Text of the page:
Demand and Quantity Demanded
We know from the earlier topic that people tend to buy more of a particular item as the price goes down. In other words, Quantity Demanded goes up as price falls.
However, some students mistakenly say that “demand goes up as price falls”. In fact, the changes in price of an item does not change demand. It merely changes the quantity demanded of that particular item.
Now, Let’s see the difference between Demand and Quantity Demanded
Demand is the range of quantities that buyers are willing and able to buy at a range of demand prices. It is ALL the points that make up a demand curve. In fact, the whole demand curve itself is known as Demand.
Quantity demanded is a specific quantity that buyers are willing and able to buy at a specific demand price. It is but ONE point on a demand curve.
Change in Demand
A change in demand is a change in the ENTIRE demand relation. This means changing, moving, and shifting the entire demand curve. The entire set of prices and quantities is changing. In other words, this is a shift of the demand curve. A change in demand is caused by a change in the demand determinants. In other words, a change in demand is caused by any factor affecting demand EXCEPT price. The determinants which shift the demand curve include the following:
Income, or more precisely the buyer’s income affects the ability of the buyers to buy goods and services. An increase in the income increases the demand and shifts the demand curve to the right.
- Taste and Fashion(Preferences)
Demand will increase if a particular good or service becomes more popular. Likewise, outdated or out-of-fashion products will have a reduced demand in the market
- Substitutes and complementary goods
Substitutes are those goods or services which can be used instead of a particular good or service. Eg:- Margarine and butter. Petroleum and Natural gas.
The demand for a particular good will increase if the price of its substitutes increases and vice versa.
Complements are those goods which are usually consumed together. For example, tea and sugar are complements. If people in general develop a taste for more tea, they will naturally buy more sugar.
- Change in the quality
If the quality of a particular good or services improves, people will be willing to buy more of it even if the price doesn’t fall. Likewise, a fall in the quality will reduce the demand for the particular good.
A successful advertising can increase demand for the advertised product.
- Expected future price
If consumers expect higher prices in the future, their current demand will increase. If they expect lower prices in the future, their current demand will decrease.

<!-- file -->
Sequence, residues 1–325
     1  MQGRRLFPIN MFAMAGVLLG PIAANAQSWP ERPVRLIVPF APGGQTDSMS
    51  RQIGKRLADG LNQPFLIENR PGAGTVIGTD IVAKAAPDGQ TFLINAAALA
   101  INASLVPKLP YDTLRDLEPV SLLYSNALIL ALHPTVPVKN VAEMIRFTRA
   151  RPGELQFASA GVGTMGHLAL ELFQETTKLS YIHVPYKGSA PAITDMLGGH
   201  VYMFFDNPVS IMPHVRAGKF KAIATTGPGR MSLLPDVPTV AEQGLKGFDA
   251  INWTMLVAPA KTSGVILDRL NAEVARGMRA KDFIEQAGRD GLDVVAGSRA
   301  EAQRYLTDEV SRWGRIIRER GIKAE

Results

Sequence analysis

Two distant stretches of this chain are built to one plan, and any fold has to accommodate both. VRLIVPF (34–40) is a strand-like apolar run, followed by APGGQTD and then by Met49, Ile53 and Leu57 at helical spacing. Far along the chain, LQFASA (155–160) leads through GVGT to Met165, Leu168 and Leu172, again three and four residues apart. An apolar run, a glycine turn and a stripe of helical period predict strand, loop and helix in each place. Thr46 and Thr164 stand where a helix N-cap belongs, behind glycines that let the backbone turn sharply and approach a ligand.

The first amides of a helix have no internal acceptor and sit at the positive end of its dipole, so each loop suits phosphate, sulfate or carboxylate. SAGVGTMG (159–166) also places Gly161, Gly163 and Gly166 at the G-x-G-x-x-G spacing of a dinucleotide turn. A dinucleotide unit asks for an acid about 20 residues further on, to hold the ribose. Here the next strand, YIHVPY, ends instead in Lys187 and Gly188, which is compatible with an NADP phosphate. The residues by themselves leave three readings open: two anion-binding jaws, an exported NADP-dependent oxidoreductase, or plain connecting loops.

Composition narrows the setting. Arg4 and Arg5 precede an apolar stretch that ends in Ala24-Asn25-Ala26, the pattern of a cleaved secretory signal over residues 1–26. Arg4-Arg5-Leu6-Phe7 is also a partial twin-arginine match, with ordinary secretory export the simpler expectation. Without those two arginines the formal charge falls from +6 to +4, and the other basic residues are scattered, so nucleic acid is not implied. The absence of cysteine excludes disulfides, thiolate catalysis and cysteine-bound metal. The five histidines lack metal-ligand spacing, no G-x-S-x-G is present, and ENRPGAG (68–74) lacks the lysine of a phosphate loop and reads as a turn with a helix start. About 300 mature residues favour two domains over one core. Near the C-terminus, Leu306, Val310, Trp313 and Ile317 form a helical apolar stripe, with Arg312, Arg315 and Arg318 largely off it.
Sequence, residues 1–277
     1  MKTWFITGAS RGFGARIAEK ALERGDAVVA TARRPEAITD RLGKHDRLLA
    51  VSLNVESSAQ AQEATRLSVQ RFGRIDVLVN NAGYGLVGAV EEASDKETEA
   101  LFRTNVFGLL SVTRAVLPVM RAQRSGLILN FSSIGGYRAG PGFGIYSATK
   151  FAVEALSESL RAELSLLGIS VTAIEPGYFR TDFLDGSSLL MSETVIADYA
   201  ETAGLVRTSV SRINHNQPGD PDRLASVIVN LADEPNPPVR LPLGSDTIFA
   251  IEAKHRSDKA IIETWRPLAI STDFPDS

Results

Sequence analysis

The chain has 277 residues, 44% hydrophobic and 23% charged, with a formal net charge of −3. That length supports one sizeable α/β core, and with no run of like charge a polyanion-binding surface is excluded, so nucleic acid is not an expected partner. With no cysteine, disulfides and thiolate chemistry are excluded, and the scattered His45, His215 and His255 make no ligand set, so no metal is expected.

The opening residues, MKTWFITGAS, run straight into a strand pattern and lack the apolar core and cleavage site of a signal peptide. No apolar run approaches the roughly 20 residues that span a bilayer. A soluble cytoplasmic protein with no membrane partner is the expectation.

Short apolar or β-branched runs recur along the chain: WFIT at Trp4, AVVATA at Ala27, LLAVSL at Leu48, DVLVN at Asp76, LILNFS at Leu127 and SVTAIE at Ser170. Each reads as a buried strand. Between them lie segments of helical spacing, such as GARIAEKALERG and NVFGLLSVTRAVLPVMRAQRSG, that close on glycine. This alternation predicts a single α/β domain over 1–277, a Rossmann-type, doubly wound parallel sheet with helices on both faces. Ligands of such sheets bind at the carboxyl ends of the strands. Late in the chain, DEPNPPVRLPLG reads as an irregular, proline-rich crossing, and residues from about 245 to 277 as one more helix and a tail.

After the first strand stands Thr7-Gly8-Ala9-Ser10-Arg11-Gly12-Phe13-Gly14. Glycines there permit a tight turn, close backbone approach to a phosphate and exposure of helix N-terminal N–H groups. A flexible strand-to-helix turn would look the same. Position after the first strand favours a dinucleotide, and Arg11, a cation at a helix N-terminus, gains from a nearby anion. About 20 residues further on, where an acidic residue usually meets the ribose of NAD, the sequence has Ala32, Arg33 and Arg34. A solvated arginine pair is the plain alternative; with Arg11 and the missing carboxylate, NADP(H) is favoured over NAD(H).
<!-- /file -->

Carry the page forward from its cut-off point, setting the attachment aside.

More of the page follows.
Changes in Supply
A change in demand is a change in the ENTIRE supply relation. This means changing, moving, and shifting the entire supply curve. In other words, this is a shift of the supply curve. A change in supply is caused by a change in the supply determinants. In other words, a change in supply is caused by any factor affecting supply EXCEPT price. The determinants which shift the supply curve include the following:
- Prices of other commodities
The supply of one good may decrease if the price of another good increases, causing producers to re-allocate resources to produce larger quantities of the more profitable good.
- Number of suppliers/producers
More suppliers/producers result in more supply, shifting the supply curve to the right.
- Changes in the cost of production
If the cost of resources used to produce a good increases, sellers will be less inclined to supply the same quantity at a given price, and the supply curve will shift to the left.
- Technology and Technical Progress
Technological advances means improvements in the performances of machines. Technical progress includes the improvements in the skill of the workers, production methods, management and control. These improvements will reduce the cost of production and therefore producers will be able to supply more even if the price doesn’t go up.
If sellers expect prices to increase, they may decrease the quantity currently supplied at a given price in order to be able to supply more when the price increases, resulting in a supply curve shift to the left.
- Other factors
There are other factors which will affect the supply. For example, weather has a big impact on the supply of agricultural products. Government taxes and subsidies too have their respective affect on the supply. Therefore, any non-price factor which affects supply is a supply determinant and will shift the supply curve either to the left or to the right.
Next Topic: Elasticity